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Trump visits 'hellhole' Brussels and locals haven't forgiven or forgotten

A protest in Brussels against the visit of Donald Trump.
Kai Pfaffenbach | Reuters
A protest in Brussels against the visit of Donald Trump.

President Donald Trump may find himself with some explaining to do during his visit to the European Union's de facto capital on Thursday — a place he called a "hellhole" just last year.

While Belgium may be smaller than Maryland and have a population of a little over 11 million, its capital is home to the headquarters of both NATO and the EU. Trump has been a vocal critic of both institutions.

"One thing is for sure, nobody is waiting for President Trump," said Lawrence Kerknawi, a political consultant who was taking a break from work before the 1,000-strong White House entourage arrived on Wednesday. "People are not excited that he is coming."

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As Trump touched down on Belgian soil, 9,000 demonstrators took to the streets to protest his trip.

The message was clear. "Get the hell out of our hole," one placard read. Another stated: "Mr. Trump, you are not welcome."

Even before barbed-wire barricades closed many roads, some residents weren't enthusiastic about their American guest.

"I don't want to waste my time thinking about Trump," said Philippe Dekeysery, who was flicking through CDs at a flea market. "It's all show and no substance. I'm sure after calling the city a hellhole he'll come here and say, 'it's fabulous.'"

The now-infamous "hellhole" comment still stings locals.

"He doesn't know what he's talking about," said Claude Decorte, 46, who had just cycled for 90 minutes to get to his job at a bank in central Brussels. "I'd like to see him point out where Belgium is on a map. I'm sure he doesn't know where it is."

Trump has encouraged other EU member states to follow Britain's lead and leave the bloc. "They will soon be calling me MR. BREXIT!" he tweeted in the wake of last summer's referendum in the U.K.

But visitors at Mini-Europe, an amusement park that features small versions of the continent's most iconic buildings, were convinced the EU would outlast Trump's presidency.

"He may have offended every nation in the European Union but then on a diplomatic level I think he will be quiet, because he has to be," predicted Thomas Mono, a 32-year-old Parisian who was admiring a version of Finland's Castle of Olavinlinna with his family.

"I don't think Trump is really a threat to Europe," added Israel Jofflot, a Belgian who was taking selfies in front of a tiny replica of his capital's Grande Place. "There's a lot of blah, blah, blah, that goes on but not much action."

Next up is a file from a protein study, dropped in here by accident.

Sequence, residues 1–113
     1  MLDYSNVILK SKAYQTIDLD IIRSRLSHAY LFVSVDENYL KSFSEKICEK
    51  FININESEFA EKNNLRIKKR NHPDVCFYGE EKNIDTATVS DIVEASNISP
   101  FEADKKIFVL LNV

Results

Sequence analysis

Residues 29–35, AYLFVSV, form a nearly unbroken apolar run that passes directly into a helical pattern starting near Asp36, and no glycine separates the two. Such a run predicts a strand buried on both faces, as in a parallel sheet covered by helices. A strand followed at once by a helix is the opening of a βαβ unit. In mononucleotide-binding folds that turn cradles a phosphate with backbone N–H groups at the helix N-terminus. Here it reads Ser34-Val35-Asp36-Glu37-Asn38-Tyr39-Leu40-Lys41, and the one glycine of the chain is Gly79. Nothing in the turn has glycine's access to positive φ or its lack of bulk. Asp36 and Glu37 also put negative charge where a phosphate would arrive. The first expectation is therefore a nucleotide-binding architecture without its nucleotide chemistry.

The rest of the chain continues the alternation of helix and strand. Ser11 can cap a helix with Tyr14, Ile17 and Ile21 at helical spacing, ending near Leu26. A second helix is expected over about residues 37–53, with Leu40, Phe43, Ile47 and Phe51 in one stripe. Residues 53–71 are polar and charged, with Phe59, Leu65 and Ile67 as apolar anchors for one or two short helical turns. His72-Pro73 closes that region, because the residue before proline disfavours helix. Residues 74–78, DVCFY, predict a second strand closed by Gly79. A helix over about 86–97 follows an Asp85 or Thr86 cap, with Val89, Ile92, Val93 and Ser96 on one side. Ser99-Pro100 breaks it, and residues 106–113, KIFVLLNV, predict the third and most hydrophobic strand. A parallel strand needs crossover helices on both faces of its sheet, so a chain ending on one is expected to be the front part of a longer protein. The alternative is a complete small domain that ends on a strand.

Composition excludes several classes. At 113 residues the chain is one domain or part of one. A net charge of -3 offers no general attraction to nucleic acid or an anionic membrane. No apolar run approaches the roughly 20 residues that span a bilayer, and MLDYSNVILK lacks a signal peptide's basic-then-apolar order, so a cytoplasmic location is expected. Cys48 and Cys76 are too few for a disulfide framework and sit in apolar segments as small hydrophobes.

Kerstin Maas-Enriquez, 29, a German who was visiting the park with her daughter and husband, suggested that Trump might even be a good thing for Europe.

"It might mean Europe has to be more independent and more united, and that can only be positive," she said.

"I think people are hoping for the best but we don't really trust him," added Christian Bonte, 50, who works for the European Council. "There is a sense that he wants to pick apart Europe and deal with countries individually, but that's the equivalent of the EU dealing with each of the 50 American states separately. It wouldn't work."

Some Belgians thought that Trump's trip — which has included stops in Riyadh, Jerusalem, Bethlehem and the Vatican — had shown a new side of the president.

Haouraji Brahil, 70, a self-described prolific stamp collector who was digging around for treasures at the flea market, thought Trump had turned a corner.

"I think since he has become president he has changed," he said. "I think he is becoming more diplomatic. It will be interesting to see how he acts here and what he is here for."

Trump was due to sit down with European Council President Donald Tusk and European Commission President Jean-Claude Junker on Thursday.

He will have lunch with French President Emmanuel Macron, who defeated far-right rival Marine Le Pen in last month's election. Before the vote, Trump described Le Pen —whom a French court once ruled could be described as a "fascist" — as the "strongest" candidate in the race.

In the afternoon, he is scheduled to attend his first NATO summit, where he is expected to push for members to boost defense spending to the equivalent of two percent of GDP.

The president has had an uneasy relationship with the alliance, even describing it as "obsolete." While he has since changed his mind —in April he said the organisation was "no longer obsolete" — his inconsistency has raised questions about whether the alliance can rely on America.

The president's next stop will be the G-7 summit on the Italian island of Sicily.

Kerknawi, the Belgian political consultant, suggested there was little Trump could do during his 29 hours in Brussels to improve his reputation.

"He's very unpopular in Europe," he added. "People don't think he's very intelligent. Brussels is a complex city and European society is different from American society and he doesn't seem to get it."